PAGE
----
Signs prohibiting handguns in the Historic Courthouse are being removed to align with state law that already allowed them in some county-owned buildings in certain circumstances, officials say.
Private citizens mentioned the issue recently to County Commissioner Michael Wrather, prompting the change, he said. He brought it up at last week’s Public Safety Committee meeting. He said that although the county government had the right to simply remove the signs, he and committee Chairman Pettus Read wanted to make sure the topic was discussed in a public setting for the sake of transparency.
A state statute was amended in 2017 to allow those with handgun carry permits to bring handguns into certain county-owned or operated buildings, Wrather said. Exceptions include schools, libraries, jails, police buildings, buildings that conduct court, or buildings with metal detectors in which police or trained security personnel operate the devices and each visitor is subject to being searched.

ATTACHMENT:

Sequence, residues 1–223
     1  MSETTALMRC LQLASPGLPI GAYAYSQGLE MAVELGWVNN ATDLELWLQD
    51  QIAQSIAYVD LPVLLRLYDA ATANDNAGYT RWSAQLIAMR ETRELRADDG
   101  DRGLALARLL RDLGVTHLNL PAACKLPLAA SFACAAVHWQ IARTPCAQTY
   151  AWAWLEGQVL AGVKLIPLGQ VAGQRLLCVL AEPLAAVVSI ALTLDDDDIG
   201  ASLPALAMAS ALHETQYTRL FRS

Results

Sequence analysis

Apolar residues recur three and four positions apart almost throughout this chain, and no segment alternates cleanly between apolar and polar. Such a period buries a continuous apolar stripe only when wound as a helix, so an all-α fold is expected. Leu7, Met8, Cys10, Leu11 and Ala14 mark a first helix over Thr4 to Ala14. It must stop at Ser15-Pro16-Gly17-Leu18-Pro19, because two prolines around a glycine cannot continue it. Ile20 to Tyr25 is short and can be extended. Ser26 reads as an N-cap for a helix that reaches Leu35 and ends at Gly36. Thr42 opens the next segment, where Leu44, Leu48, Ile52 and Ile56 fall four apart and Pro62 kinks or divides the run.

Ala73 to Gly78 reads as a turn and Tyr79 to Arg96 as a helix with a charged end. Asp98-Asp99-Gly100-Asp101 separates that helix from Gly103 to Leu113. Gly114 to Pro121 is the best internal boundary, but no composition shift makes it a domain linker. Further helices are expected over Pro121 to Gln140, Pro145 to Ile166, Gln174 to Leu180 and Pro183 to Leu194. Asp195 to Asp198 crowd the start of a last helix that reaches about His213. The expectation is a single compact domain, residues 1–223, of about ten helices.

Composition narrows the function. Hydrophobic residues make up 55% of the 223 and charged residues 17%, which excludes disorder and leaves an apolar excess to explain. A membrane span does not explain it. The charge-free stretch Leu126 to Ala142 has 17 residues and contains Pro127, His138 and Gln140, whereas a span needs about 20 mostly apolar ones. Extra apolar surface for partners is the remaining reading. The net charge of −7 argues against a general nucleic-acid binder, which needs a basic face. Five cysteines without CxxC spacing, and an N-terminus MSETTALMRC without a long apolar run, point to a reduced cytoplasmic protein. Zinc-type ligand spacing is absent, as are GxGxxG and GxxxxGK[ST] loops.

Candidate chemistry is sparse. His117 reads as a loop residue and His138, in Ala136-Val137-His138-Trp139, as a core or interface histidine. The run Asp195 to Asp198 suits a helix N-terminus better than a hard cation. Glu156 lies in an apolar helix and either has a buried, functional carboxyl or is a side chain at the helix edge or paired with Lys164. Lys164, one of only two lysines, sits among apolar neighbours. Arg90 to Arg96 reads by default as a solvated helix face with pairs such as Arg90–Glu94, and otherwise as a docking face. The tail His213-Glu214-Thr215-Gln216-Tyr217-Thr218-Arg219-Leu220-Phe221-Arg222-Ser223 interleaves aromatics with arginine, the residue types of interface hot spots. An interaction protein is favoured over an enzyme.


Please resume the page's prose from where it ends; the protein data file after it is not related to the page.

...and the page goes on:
Any other type of firearm is still prohibited, Wrather said.
After researching the issue, Wrather said, he discovered it had been discussed by the previous county mayor, previous county attorney and the human resources director in 2017. Signs in other qualifying buildings were taken down.
“So, I think we missed a building,” he said.
Or, the signs may have been left at the Historic Courthouse because judges continued to occasionally use the facility prior to the new Judicial Center being built whenever the old center became overcrowded, he said. Twenty years ago, one judge continued to hold proceedings in the Historic Courthouse for that reason, he said.
Discussion at the committee meeting questioned whether county workers other than police would now be allowed to carry in buildings if they have a permit. Current county policy prohibits that.